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GHOSTEMANE Releases Heavy Riff-Filled Rap Album For Free After Major Label Deal Fell Through

Hardcore music with raps over it.


We've written about transgressive rap star Ghostemane before, and today he surprise-released his brand new album, ANTI-ICON for free.

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The original plan was to release it on a major label, but in a new interview with RollingStone, Ghostemane reveals he was ready to join a major label. "When it started to become real, and we were sold this dream and this plan of what was going to happen, I kind of got head over heels for the idea,” Ghostemane said. “This is the next step.” Then, the negotiations fell through, so he decided to just market the album himself.

The article goes into detail on what went wrong…

[Ghostemane] held out for a very specific arrangement: He wanted a short-term deal with an artist-friendly profit split. This turned out to be too much for one of the major labels to stomach, and after 18 months of back-and-forth that Tanners describes as “pretty torturous to all sides,” the negotiations fell apart.

Ghostemane eventually settled on a one album distribution deal with Alternative Distribution Alliance, a indie label arm of Warner Music Group. Ghostemane retains ownership of all his music.

The article also goes into the influences that Ghostemane (real name Eric Whitney) has.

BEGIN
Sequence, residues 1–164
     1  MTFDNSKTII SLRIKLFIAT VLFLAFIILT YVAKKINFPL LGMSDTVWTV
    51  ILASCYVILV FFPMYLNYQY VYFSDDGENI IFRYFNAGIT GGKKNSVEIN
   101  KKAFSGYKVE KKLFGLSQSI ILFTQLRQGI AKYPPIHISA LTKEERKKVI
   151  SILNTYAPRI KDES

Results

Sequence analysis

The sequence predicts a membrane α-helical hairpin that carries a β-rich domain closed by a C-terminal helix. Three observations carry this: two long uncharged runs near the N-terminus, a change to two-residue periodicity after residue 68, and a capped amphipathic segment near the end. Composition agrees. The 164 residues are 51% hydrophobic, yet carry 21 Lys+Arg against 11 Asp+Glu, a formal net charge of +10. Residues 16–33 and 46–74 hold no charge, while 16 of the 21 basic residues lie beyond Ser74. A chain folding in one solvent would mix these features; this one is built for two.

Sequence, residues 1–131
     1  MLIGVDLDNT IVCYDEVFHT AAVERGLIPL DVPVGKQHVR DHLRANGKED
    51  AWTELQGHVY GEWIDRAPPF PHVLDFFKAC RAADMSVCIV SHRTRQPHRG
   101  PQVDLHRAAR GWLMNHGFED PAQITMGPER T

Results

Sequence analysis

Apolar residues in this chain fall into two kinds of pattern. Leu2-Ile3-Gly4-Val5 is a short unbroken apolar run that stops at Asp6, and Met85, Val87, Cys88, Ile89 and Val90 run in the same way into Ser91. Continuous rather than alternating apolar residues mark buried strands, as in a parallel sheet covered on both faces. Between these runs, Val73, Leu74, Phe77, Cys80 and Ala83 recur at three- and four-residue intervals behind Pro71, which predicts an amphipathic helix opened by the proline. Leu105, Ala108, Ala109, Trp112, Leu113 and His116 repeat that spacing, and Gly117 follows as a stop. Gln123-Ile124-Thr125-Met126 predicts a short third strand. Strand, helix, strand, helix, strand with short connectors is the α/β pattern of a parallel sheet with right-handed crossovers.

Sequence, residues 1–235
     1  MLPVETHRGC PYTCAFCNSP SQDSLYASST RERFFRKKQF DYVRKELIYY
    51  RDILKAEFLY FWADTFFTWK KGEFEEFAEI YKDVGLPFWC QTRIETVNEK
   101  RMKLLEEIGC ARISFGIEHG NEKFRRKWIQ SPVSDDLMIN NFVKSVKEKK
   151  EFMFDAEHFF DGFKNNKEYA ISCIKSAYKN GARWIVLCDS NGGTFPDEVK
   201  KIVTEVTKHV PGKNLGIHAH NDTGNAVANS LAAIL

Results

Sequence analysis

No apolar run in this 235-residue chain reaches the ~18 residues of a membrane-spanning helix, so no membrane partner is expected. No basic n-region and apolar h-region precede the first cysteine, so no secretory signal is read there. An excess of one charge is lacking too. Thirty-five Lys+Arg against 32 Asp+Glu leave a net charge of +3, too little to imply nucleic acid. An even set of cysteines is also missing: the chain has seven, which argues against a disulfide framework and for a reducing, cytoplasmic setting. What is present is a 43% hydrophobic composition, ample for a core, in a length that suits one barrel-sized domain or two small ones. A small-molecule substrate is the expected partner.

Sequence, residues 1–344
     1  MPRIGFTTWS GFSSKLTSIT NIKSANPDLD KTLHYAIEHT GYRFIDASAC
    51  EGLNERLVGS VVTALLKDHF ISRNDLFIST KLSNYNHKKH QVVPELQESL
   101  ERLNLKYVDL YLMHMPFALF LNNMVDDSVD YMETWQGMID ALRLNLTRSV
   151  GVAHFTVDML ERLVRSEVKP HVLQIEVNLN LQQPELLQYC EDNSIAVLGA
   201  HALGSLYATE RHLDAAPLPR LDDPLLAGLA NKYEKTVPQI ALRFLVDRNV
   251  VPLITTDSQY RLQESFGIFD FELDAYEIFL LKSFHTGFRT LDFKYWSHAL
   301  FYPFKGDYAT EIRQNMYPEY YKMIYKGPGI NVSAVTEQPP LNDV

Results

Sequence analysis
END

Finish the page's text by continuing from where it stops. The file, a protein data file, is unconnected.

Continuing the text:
As a young teen, Whitney already was drawn to “to any song that had screaming in it or a heavy guitar tone.” When he was 17, his father died, and Whitney started to make trips to New York, where his mother’s family lived. A cousin began to take him to New York hardcore shows. “I was like, ‘I don’t think there’s a scene like that near me,'” Whitney remembers. “He chuckled and said, ‘Dude, it’s everywhere.'”

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After scouring Myspace, Whitney was able to find a comparable music ecosystem in Florida and start a band of his own. While the new group played hardcore, the band’s singer introduced Whitney to a wide swathe of hip-hop; he gravitated to the style of Memphis acts like Three 6 Mafia. “This stuff is heavier than a lot of the bands I listen to,” Whitney says.

He was also drawn to rap’s self-sufficient models. “That was something I could do on my own,” Whitney explains. “I didn’t have to rely on a bunch of people to come together” in a band. 

Listen to the album below, and make sure to check out the RollingStone article to read more about this enigmatic figure.

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